Surrey Council has made good progress in adult social care since being assessed as a one-star authority last year for the second year running, its interim director has said.
Ian Davey made the claim in an interview with Community Care after Surrey announced it had appointed Isle of Wight director Sarah Mitchell as his permanent successor.
The Commission for Social Care Inspection gave Surrey a one-star rating for 2007-8 in the annual performance assessment published last November, saying it had delivered “adequate” service outcomes and had “uncertain” prospects for improvement.
Though the rating referred to the performance year which ended in March 2008, the council received an equivalent judgement in a CSCI inspection last July.
However, Davey said Surrey had made good progress on several of the problem areas identified by CSCI since he took over as interim director last June.
Direct payments up
Direct payment take-up rates – described as “significantly” below other councils – had improved, he said, and Surrey had addressed CSCI’s criticisms that its adult safeguarding board lacked strong leadership and formal agreements between partner agencies.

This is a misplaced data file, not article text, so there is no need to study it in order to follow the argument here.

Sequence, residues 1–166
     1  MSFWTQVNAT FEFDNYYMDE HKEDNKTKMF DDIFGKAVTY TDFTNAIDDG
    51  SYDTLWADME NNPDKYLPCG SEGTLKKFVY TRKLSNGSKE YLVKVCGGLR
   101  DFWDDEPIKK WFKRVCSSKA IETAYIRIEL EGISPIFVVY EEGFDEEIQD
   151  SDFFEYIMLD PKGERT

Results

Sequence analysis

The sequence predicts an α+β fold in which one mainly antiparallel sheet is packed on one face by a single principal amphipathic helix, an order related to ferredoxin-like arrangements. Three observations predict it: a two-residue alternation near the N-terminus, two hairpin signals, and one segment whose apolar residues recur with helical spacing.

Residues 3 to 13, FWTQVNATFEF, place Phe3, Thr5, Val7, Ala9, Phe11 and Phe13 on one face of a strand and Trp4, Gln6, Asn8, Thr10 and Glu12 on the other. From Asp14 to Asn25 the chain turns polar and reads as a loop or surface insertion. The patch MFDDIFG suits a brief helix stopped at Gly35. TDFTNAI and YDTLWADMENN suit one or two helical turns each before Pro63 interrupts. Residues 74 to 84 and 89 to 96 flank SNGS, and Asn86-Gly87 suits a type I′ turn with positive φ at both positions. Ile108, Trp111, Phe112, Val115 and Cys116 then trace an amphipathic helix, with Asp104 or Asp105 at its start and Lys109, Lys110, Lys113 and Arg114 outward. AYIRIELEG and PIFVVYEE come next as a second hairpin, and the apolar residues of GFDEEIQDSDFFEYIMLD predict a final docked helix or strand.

Davey’s appointment heralded the dismantling of Surrey’s pioneering families directorate – set up in 2006 to merge children’s and adults’ services. During the lifetime of the directorate, the county, rated as three stars for adult care in 2005, saw its performance dip in both service areas.
In its report on last year’s inspection, CSCI praised Davey’s appointment, alongside a new head of service in adult services, as a “positive step that raised the profile and leadership of adult social care”.
Davey said: “The management capacity has been significantly increased here in accordance with what we needed to do to improve performance.”
Although he would not comment on the level of priority given to adult social care under the families directorate – which CSCI implicitly criticised – he said the council “did acknowledge to the CSCI that there was a capacity issue”.
Davey said his target was for Surrey to be rated as “good” for adult care outcomes with “promising” capacity to improve for the 2008-9 performance year, which concludes at the end of March, just after Mitchell takes over.
On her success in improving Isle of Wight Council from two to three stars this year, he said: “Performance improvement and getting out of that one-star status was seen as a top priority for the new director. Sarah convincingly demonstrated she’s got a track record in this area.”
Surrey to hire 40 children’s workers as frontline benefits from rejig